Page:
Flexible circuit boards offer numerous advantages. However, the mechanical fixation of these circuit boards is highly complex. HARTING has developed a solution based on 3D-MID technology that is capable of replacing flexible circuit boards. Thanks to component carriers, cost savings of up to two-thirds can be achieved. At the MID process, on the injection molded part a customized layout is applied. At electronic assembly, the components are mounted on the desired surface.
By harnessing this development, electronic components can be fitted directly onto the component carrier, thereby replacing flexible circuit boards. The component carrier serves as a connecting element between the printed circuit board (PCB) and electronic components such as LEDs, ICs, photodiodes, and sensors. Electronic components are mounted directly on the new component carrier in automated processes. The frequently complex processes involved in processing flexible circuit boards is dispensed with, thereby reducing costs by up to two-thirds.
The populated component carriers are delivered in tape & reel. In their standard design, the carriers can be processed in automatic assembly systems, just like other SMD electronic components. Two different sizes are currently available and can accommodate electronic components of standard size SOIC-8 and smaller. Moreover, HARTING can also produce carriers in customer-specific sizes.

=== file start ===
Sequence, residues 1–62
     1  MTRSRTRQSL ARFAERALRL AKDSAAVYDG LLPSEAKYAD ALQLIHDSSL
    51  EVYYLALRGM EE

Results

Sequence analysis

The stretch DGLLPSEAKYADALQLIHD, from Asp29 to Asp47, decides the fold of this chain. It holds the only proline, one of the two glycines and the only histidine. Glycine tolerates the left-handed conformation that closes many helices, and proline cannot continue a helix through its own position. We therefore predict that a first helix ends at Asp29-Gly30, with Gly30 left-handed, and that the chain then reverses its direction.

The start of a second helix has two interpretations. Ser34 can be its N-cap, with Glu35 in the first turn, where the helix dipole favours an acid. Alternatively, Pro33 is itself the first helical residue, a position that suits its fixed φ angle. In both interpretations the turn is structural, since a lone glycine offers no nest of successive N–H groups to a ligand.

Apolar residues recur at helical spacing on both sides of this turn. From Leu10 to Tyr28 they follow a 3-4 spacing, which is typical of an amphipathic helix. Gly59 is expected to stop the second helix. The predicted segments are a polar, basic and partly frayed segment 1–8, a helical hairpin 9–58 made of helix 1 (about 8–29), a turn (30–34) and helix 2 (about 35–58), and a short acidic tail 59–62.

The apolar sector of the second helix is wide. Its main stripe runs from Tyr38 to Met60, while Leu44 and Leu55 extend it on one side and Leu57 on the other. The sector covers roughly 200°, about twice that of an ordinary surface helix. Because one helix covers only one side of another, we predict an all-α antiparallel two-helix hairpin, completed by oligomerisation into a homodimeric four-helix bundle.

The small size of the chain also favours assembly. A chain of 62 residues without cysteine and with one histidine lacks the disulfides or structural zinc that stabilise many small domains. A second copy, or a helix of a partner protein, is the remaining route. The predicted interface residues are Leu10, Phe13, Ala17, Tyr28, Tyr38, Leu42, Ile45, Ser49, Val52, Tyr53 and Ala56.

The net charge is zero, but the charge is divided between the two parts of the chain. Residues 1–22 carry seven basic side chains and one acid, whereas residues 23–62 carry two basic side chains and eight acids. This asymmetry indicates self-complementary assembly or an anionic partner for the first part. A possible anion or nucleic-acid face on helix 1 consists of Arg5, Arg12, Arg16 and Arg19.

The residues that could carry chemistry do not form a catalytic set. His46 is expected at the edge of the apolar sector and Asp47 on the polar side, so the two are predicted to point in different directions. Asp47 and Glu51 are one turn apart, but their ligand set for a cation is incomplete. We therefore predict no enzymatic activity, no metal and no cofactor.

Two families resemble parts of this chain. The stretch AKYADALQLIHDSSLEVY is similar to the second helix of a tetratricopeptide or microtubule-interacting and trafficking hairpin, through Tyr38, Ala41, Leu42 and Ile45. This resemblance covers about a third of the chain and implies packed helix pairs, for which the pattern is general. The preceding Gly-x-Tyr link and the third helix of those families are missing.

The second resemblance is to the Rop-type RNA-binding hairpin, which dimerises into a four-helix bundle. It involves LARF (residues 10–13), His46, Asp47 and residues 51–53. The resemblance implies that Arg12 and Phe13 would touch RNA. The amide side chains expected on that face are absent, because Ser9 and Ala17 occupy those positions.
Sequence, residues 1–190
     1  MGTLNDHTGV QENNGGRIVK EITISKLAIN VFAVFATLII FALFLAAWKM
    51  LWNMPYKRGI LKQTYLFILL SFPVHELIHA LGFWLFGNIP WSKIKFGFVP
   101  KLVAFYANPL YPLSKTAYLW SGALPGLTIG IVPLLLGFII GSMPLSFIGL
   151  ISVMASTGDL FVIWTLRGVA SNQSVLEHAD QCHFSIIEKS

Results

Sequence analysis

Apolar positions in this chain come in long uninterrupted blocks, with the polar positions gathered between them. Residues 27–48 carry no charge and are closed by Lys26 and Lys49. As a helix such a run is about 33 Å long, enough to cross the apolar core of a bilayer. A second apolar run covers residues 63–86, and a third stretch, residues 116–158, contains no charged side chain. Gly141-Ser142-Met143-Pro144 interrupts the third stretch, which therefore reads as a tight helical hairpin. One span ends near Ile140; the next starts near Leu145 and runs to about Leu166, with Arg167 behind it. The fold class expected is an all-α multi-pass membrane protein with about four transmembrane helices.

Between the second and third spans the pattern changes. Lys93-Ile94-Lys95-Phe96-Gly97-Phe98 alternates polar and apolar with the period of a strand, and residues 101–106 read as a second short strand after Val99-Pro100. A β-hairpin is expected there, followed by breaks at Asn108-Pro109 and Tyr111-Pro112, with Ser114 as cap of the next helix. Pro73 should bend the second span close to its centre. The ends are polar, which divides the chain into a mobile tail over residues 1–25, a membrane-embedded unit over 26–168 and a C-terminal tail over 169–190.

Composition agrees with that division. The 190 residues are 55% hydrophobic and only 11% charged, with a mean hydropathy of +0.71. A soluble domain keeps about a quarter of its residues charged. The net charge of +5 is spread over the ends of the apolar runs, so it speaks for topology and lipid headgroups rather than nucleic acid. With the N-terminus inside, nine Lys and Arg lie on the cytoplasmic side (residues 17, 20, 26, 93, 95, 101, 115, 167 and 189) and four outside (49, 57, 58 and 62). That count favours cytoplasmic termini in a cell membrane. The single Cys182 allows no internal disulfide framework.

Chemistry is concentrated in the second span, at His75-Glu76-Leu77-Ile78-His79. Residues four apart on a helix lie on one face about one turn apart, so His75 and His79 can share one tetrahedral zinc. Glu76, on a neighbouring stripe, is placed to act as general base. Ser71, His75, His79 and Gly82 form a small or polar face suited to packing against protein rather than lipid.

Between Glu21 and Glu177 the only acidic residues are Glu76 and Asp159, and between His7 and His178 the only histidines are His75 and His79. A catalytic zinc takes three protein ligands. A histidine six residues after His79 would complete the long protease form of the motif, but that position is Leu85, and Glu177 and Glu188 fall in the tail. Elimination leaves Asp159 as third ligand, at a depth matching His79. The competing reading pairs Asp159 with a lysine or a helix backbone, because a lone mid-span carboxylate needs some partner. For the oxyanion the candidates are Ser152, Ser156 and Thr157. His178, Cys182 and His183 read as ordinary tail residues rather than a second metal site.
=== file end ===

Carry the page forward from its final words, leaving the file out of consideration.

The component carrier is suitable for scenarios in which electrical components, such as sensors, need to be positioned normally to the circuit board. The automatic assembly process enables the placement of temperature sensors or hall sensors on the carrier to a high degree of accuracy, which in turn results in precise, reproducible measurements. Optical components are another salient example, such as LEDs or photodiodes used to generate precise light barriers.
The component carrier also makes it possible to maintain a clearance between the circuit board and an electronic component. Consequently, a temperature sensor can be used to measure the temperature in the housing without being influenced by the waste heat from other components on the PCB. It also means that an LED can be placed clear of the circuit board, thereby avoiding the risk of surrounding components casting shadows.
The component carrier can be manufactured using different base polymers. In this way, different antenna material properties can be factored in, such as dielectric constant and loss factor. The specific antenna layout can be used for various applications in the MHz and GHz frequency range, such as Bluetooth, WiFi, ZigBee, and 5G.3D-MID technology as an alternative to flexible PCBs.
Thanks to the 3D-MID (mechatronic integrated device) technology, electronic components can be fitted directly onto a three-dimensional body without the need for circuit boards or connecting cables. The base body is produced through injection molding, whereby the thermoplastic is provided with a non-conductive, inorganic additive. In order for this material to be able to accommodate electrical circuits, the additives in the plastic are "activated" through laser direct structuring (LDS). In this process, the laser beam writes the areas intended for the conductive tracks and creates a micro-rough structure. The metal particles released in the process form the nuclei for the subsequent chemical metallization.